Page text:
Back to the Future With Consolidation
Are we riding the next wave of consolidation? Most likely we are on the cusp, according to Kathleen Henchey, principal at Noblis Center for Health Innovation, a nonprofit consulting firm. The economy is stalled, reform is already happening, and one thing we know for sure is that reimbursement is heading south. These three factors create fertile ground for consolidation. And, with bundled payments a possibility, "it is like back to the future again with capitation," says Henchey. "This is what drove the last wave of mergers back in the 90s."
Henchey says Noblis is seeing increased interest in affiliations, so much so it decided to survey its current customers last month. The Noblis survey of 84 healthcare leaders at provider organizations found that nearly one-third of hospitals were "much more interested" in doing some type of affiliation than they were a year ago. The survey also showed that those most interested in an affiliation with another organization were either already in some type of partnership or had poor operating margins.
Henchey says she's surprised to see the increased interest in affiliation compared to a year ago. "It was significant to us because affiliation can be a last resort for some organizations."
At the same time, the Noblis survey found that 71% of organizations with an existing affiliation had better than break-even operating margins compared to only 43% of those with no affiliations at all. "You can probably make the case that affiliation actually is achieving what it is supposed to do, which is economies of scale and reducing fixed costs," she says.
While affiliation can range from anywhere from a joint purchasing alliance to a full merger, Henchey says she is seeing more mergers than in recent years and attributes this mainly to the struggling economy. "There is a growing sense for many that we can't go it alone anymore. We are getting more requests to do board education sessions on what it means to affiliate," she notes.
There is also more interest in clinical affiliations. Moreover, Henchey says, physicians are playing a larger role in affiliations today than in the past.
"One of the drivers of affiliation that is different this time around is the sense of affiliating to get physicians on board." With organizations having trouble recruiting docs and shortages predicted in the future, Henchey notes that Noblis is doing a lot of physician strategy work. Similarly, the HealthLeaders Media annual survey of hospital executives shows that the physician shortage is one of the top three trends that will strongly negatively impact their organization in the next three years.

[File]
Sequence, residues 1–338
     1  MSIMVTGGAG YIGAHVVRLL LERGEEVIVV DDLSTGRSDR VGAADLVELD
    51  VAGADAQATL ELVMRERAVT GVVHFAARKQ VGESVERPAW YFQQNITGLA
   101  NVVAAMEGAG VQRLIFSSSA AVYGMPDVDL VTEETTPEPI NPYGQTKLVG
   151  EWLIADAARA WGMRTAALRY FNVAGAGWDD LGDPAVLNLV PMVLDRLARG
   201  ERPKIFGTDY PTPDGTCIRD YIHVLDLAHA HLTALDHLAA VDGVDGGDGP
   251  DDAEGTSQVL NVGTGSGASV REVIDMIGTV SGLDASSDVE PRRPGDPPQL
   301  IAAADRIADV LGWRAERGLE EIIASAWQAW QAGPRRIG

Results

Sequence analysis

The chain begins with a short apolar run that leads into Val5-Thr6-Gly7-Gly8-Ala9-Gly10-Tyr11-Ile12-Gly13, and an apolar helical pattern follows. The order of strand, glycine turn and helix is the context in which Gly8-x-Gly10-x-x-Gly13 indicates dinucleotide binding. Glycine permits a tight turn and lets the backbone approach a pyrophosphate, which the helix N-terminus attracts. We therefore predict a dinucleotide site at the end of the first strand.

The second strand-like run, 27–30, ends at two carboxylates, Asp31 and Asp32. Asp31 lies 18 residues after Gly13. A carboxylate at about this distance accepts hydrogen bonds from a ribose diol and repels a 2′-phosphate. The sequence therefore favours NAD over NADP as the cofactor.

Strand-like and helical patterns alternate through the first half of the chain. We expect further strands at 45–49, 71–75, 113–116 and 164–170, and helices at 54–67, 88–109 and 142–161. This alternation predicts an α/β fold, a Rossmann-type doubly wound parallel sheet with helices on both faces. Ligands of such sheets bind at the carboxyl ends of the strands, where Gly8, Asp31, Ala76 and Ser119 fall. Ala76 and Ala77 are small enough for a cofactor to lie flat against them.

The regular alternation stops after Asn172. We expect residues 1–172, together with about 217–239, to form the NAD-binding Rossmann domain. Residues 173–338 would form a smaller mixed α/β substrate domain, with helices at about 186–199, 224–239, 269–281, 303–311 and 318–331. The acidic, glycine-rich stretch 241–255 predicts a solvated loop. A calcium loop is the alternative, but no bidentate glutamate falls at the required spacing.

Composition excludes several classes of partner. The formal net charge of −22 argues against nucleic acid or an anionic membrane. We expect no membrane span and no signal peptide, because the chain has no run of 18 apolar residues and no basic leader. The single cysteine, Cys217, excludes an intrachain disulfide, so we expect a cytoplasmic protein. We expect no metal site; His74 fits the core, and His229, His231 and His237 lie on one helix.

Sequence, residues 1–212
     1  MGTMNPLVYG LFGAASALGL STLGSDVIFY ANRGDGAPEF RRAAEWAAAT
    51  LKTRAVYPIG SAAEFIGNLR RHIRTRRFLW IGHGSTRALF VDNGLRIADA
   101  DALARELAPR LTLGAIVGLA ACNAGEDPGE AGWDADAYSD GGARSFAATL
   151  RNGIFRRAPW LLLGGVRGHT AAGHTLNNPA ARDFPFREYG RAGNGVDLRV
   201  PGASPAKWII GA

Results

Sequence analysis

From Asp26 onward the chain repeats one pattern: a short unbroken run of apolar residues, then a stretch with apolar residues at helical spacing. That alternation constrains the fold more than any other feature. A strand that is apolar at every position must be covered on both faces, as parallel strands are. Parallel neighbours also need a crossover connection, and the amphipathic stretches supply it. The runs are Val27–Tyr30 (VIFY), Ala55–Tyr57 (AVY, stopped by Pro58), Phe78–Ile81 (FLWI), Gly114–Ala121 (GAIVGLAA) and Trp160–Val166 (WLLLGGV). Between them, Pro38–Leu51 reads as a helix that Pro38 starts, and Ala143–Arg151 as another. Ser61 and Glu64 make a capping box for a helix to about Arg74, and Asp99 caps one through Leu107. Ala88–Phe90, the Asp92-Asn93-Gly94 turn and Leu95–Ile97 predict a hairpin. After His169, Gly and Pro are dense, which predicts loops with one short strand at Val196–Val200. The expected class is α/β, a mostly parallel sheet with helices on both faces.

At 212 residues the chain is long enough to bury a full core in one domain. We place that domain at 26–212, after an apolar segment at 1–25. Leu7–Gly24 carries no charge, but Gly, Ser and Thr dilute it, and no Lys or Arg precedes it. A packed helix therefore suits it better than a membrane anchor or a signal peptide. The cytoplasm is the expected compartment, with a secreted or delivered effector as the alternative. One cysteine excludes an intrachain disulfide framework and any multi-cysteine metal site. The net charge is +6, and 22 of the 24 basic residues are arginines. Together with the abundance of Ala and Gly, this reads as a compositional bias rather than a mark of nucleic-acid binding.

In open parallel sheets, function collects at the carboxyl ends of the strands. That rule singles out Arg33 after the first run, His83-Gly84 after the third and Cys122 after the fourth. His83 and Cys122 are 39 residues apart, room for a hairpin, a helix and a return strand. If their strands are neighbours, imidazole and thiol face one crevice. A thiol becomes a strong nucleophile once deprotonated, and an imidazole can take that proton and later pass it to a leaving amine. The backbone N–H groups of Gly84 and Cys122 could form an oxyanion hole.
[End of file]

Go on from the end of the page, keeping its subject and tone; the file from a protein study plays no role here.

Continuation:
Lessons learned from the past: As we look at the possibility of increased consolidations and affiliations, organizations should heed lessons from the past. Namely, just because market conditions are pushing organizations to come together doesn't mean the leadership or cultural problems that torpedoed affiliations in the past aren't just as important today.
Do you really have a compelling case for change? The pressure to affiliate has been turned on, but that doesn't make it right for your organization if resistance is high. "You need the organizational will to make it happen and that is usually more of a stumbling block than figuring out whether it is a good idea or not," says Henchey.
Know what you are willing to give up. In some cases you might have to give up relationships with vendors or other parties if you form an affiliation with another hospital. "That is one of the things to think through," says Henchey. "If I affiliate with this organization what does it mean for my partnership with this other group?"
Be honest about your cultural readiness. "It can't just come from the C-suite or the board," says Henchey. Even when there is a rational case for affiliation, it doesn't mean there will be a cultural fit if two organizations come together.
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